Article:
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MAKING SENSE OF DODD-FRANK

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Dodd-Frank

Dodd-Frank Executive Compensation Overview

by   |   July 25, 2010

The Dodd-Frank Act looks like it will affect compensation and benefits law in three main areas:

  • Executive and incentive compensation, including new disclosure and corporate governance requirements.
  • Use of stable value funds, hedging arrangements and swaps in retirement plans.
  • Regulation of vendors servicing retirement and other plans.

A few initial thoughts related to compensation are noted below. We will be posting additional analysis as we become better acquainted with this law. And be sure to follow and monitor our twitter account—@leonardnews—for our latest updates.

What you should know now

Mandatory “Say-on-Pay” and “Golden Parachute” Vote. Section 951 of the Act requires the proxy statement for a meeting of shareholders to include, at least once every three years, a separate non-binding resolution to approve the compensation of executives. In addition, not less than every six years, a proxy statement must include a separate resolution to determine whether such vote must occur every one, two or three years.

Separately, at any meeting where shareholders are asked to approve an acquisition, merger, consolidation, proposed sale or other disposition of substantially all assets, the proxy statement must include a non-binding resolution on any agreements or understandings the issuer has with its named executive officers concerning any type of compensation that may become payable to the executive officers in connection with the transaction. The vote is not required if the agreements have been previously approved in another non-binding say-on-pay vote.

These provisions apply to shareholder meetings occurring more than six months after the date of enactment of the Act. It is important to note that these provisions, unlike many others, are not dependent upon any SEC rule making and are automatically effective.

In the past, say-on-pay votes may have been regarded by public companies as mere formalities or easily obtained forms of shareholder approval, since brokers have typically voted shares in favor of management, assuring passage of the proposal in most cases. That cannot occur in the future as broker voting on say-on-pay is eliminated by the Dodd-Frank Act.

Public companies outside of the financial institution industry need to monitor the rule-making process to determine if a preliminary proxy will need to be filed for the say-on-pay vote. Currently, Rule 14a-6 requires a preliminary proxy to be filed with the SEC for a say-on-pay vote, as the rule only carves out say-on-pay votes from the requirement to file a preliminary proxy for certain financial institutions pursuant to Section 111(e)(1) of the Emergency Economic Stabilization Act of 2008.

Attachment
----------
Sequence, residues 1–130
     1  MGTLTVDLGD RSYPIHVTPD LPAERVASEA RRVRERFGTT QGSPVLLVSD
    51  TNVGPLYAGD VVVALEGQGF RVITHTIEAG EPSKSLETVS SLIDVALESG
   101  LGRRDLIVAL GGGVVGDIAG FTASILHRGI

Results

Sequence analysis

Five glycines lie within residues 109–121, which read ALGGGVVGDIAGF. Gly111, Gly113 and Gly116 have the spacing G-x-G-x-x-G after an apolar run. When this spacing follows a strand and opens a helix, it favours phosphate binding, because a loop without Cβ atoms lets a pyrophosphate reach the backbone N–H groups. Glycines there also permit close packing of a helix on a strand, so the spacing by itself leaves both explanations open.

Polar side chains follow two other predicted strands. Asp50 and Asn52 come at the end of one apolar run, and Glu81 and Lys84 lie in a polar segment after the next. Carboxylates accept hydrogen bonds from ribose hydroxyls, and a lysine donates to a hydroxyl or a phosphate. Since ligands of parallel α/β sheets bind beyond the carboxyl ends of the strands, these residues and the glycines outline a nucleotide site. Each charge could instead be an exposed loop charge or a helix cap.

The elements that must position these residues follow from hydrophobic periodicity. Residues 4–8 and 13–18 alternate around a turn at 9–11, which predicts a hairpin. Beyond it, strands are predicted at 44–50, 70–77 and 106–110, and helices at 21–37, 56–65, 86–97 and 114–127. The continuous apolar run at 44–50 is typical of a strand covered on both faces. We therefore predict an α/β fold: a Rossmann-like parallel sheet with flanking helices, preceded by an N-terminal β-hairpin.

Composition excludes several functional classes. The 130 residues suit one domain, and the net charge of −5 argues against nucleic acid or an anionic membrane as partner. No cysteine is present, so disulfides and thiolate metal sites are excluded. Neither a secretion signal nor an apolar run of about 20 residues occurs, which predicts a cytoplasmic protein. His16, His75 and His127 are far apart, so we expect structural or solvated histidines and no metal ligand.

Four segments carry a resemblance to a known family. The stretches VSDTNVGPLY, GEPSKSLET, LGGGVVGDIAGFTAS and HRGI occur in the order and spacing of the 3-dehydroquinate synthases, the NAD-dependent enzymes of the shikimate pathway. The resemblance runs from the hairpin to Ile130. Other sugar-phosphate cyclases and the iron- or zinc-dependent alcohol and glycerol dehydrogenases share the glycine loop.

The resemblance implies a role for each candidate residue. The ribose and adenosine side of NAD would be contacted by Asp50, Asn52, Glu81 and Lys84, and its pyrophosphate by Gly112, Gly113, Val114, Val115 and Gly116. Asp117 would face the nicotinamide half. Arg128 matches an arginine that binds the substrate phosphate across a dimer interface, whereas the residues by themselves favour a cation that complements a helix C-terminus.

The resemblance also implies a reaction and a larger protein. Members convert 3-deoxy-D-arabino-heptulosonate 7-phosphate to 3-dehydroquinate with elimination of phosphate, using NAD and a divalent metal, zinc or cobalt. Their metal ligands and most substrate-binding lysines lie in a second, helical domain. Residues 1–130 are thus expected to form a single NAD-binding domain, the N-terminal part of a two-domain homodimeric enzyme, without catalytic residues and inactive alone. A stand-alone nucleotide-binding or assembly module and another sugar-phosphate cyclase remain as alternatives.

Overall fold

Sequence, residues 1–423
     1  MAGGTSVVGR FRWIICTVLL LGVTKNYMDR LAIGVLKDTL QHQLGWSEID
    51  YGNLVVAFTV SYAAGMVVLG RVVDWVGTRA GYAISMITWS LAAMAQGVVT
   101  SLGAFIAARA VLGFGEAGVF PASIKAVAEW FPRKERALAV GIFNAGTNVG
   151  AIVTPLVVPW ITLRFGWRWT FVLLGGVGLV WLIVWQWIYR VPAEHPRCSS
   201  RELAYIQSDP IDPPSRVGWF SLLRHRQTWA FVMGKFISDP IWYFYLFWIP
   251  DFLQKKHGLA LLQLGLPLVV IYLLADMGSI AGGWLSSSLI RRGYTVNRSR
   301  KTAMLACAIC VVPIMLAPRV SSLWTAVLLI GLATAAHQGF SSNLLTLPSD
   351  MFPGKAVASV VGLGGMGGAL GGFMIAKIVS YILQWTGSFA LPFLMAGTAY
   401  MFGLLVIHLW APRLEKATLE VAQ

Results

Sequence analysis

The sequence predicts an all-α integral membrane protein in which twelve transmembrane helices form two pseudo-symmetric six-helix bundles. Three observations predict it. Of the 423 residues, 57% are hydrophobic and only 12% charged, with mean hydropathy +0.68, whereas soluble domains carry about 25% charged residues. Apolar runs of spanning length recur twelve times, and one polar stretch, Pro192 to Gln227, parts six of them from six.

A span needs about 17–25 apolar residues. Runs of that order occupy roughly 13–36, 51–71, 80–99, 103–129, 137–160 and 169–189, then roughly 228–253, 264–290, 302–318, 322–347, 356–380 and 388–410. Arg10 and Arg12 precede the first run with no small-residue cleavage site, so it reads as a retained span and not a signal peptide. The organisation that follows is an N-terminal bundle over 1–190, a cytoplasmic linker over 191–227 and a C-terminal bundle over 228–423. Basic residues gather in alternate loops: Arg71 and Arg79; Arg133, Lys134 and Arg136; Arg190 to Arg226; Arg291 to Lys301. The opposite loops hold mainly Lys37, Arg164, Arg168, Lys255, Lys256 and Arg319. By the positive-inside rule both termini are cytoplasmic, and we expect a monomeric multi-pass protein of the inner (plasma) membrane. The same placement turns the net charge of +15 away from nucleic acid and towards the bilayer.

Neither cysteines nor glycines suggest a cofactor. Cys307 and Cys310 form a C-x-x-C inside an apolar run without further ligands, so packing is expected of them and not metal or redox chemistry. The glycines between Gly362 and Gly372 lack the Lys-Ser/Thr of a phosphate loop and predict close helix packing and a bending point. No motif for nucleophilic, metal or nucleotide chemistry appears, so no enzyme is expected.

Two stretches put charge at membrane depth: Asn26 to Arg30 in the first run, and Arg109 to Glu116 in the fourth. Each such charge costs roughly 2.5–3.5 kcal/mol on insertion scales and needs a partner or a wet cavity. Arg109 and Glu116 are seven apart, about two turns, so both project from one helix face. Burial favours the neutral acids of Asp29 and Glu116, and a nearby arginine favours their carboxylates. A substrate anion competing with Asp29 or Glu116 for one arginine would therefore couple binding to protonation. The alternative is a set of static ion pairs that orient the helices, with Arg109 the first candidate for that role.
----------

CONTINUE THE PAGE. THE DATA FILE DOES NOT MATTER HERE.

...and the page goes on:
Independence of Compensation Committees. Section 952 of the Act contains extensive provisions regarding compensation committees, including:

  • Requiring national securities exchanges to prohibit the listing of issuers that have compensation committees which are not independent.
  • Requiring the SEC to identify factors that affect the independence of compensation consultants, legal advisors or other advisors to the compensation committee.
  • Requiring the SEC to adopt disclosure rules regarding whether the issuer retained a compensation consultant, whether the work of the compensation consultant raised any conflict of interest and, if so, the nature of the conflict and how the conflict is being addressed.
  • Providing the compensation committee explicit authority to retain a compensation consultant, legal counsel and other advisors.

Executive Compensation Disclosures. Section 953 of the Act requires the SEC to adopt rules that require additional disclosures with respect to executive compensation in the following areas:

  • The relation of executive compensation actually paid and the financial performance of the issuer.
  • The median annual compensation of all employees of the issuer excluding the chief executive officer.
  • The annual total compensation of the chief executive officer.
  • The ratio of chief executive officer compensation to the median annual compensation of all employees of the issuer excluding the chief executive officer.

The text of Section 953 of the Act is ambiguous and the SEC could interpret it to require disclosures other than those set forth above.

Compensation Clawbacks. Section 954 of the Act requires national securities exchanges to adopt rules as directed by the SEC. Those rules will require issuers to develop and implement a policy providing:

  • For disclosure of an issuer’s policy on incentive compensation that is based on financial information required to be reported under securities laws.
  • That, if an accounting restatement is prepared, the issuer will recover any excess incentive-based compensation from any current or former executive officer who received such incentive-based compensation in the three preceding years.